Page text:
Here’s one of the stranger stories concerning one of the major NYC cemeteries, Evergreens Cemetery, which is about evenly divided between Brooklyn and Queens, the westernmost burial city in the Cemetery Belt, which sprawls along the terminal moraine, or mountainous lands left by the retreat of the last glacier thousands of years ago, between the modern neighborhooods of Bushwick, Ridgewood, East New York and Woodhaven.
Jonathan Reed loved his wife, Mary. Nothing unusual there. But according to Evergreens, when she died in 1893, Jonathan Reed moved into her sarcophagus to live with the remains, as well as his (still living) pet parrot.
Reed had his Mary’s casket transferred to the vault, where he installed an empty casket in which he would eventually lie. He then settled into what became his second home. Domestic furniture stood in the vestibule, a wood stove provided heat, and scattered about the vault were a clock, some urns filled with flowers, photographs, paintings on the wall, a deck of playing cards, Mary’s half-finished knitting, and the family’s pet parrot (first alive, later stuffed). As word of Reed’s story spread, company began stopping by. Around 7,000 people stopped by in the first year alone.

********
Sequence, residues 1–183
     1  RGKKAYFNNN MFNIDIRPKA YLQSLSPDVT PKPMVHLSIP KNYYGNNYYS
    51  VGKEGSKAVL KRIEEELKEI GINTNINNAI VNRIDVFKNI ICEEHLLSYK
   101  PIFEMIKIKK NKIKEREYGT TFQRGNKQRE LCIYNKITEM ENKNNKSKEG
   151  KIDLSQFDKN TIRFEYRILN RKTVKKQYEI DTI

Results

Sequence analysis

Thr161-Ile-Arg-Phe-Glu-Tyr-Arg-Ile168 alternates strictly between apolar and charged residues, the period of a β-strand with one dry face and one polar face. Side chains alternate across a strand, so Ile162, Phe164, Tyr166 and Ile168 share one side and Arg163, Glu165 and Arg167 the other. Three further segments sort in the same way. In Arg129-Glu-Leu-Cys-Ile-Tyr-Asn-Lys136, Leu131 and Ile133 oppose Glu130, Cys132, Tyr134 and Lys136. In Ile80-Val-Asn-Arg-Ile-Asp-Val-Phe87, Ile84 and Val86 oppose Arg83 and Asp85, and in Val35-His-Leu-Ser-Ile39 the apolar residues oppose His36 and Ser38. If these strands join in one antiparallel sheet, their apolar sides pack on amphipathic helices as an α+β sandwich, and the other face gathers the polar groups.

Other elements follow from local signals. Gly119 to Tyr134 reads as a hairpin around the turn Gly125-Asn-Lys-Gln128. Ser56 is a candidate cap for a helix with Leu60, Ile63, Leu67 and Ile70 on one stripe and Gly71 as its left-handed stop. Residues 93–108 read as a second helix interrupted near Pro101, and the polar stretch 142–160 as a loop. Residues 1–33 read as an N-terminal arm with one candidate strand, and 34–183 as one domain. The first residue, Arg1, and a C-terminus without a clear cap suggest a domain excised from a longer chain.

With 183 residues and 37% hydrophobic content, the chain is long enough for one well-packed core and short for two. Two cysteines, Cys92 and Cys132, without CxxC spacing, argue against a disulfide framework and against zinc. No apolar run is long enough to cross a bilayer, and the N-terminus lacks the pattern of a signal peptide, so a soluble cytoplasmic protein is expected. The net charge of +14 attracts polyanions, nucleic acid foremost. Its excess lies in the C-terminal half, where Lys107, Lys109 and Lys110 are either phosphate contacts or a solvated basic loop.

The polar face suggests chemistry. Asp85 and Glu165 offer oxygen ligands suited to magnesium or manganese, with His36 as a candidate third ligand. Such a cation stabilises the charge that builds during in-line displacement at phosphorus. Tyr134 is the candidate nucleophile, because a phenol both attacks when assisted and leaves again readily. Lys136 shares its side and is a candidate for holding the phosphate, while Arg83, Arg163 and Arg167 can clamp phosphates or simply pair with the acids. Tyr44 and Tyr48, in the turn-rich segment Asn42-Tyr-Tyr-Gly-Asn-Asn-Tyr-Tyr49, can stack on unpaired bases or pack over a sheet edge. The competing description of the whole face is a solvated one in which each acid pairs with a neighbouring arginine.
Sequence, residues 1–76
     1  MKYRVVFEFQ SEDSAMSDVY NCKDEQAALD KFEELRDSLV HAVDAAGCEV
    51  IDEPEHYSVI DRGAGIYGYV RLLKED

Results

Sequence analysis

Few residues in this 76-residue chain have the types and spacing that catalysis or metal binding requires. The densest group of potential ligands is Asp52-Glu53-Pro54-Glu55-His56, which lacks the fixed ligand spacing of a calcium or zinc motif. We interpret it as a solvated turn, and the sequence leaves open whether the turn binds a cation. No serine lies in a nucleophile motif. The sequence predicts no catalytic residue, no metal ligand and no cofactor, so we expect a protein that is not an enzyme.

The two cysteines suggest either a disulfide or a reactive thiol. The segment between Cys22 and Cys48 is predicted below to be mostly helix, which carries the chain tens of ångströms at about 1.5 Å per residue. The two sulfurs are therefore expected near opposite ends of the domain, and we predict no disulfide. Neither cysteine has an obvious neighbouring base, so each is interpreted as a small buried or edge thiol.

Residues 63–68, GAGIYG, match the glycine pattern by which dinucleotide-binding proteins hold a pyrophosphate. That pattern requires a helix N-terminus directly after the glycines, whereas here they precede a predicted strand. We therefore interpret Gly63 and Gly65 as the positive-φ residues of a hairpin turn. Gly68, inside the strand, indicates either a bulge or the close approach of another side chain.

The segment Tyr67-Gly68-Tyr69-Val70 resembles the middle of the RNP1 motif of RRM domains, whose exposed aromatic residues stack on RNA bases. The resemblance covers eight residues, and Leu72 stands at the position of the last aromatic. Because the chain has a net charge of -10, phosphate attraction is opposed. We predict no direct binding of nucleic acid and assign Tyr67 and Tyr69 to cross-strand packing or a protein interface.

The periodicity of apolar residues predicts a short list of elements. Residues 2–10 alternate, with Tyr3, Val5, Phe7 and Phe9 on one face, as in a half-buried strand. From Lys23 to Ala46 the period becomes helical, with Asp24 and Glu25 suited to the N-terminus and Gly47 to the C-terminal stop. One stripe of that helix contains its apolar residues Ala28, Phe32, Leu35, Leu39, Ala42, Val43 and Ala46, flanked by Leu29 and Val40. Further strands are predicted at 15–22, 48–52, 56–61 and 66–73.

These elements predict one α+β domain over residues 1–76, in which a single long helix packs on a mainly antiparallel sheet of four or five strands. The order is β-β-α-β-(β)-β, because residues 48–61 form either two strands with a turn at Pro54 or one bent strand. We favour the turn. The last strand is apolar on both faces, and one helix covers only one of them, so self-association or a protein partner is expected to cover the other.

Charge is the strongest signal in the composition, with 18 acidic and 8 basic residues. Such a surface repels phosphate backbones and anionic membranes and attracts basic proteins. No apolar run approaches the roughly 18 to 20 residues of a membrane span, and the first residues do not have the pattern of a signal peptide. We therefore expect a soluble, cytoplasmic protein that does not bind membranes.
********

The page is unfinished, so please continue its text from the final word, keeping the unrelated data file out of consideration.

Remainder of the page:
Witnesses said he ate all of his meals there and held imaginary conversations with his wife. According to the New York Times article, published in March of 1905, “Mr. Reed could never be made to believe that his wife was really dead, his explanation of her condition being that the warmth had simply left her body and that if he kept the mausoleum warm she would continue to sleep peacefully in the costly metallic casket in which her remains were put.” The article also states, “According to his friends, he really believed that his wife could understand what he was saying to her.”
When he passed in 1905 his remains were finally interred here with his wife’s, as well as the parrot.